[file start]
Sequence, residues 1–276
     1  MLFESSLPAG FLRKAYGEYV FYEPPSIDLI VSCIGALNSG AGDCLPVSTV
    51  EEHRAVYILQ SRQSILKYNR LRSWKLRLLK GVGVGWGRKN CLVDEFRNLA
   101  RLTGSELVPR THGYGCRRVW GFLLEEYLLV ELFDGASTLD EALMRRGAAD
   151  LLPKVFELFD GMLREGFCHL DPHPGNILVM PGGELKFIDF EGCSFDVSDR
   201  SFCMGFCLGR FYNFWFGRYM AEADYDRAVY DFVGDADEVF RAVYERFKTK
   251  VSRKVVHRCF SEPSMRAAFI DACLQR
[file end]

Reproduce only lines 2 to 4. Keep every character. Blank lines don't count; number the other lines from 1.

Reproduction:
     1  MLFESSLPAG FLRKAYGEYV FYEPPSIDLI VSCIGALNSG AGDCLPVSTV
    51  EEHRAVYILQ SRQSILKYNR LRSWKLRLLK GVGVGWGRKN CLVDEFRNLA
   101  RLTGSELVPR THGYGCRRVW GFLLEEYLLV ELFDGASTLD EALMRRGAAD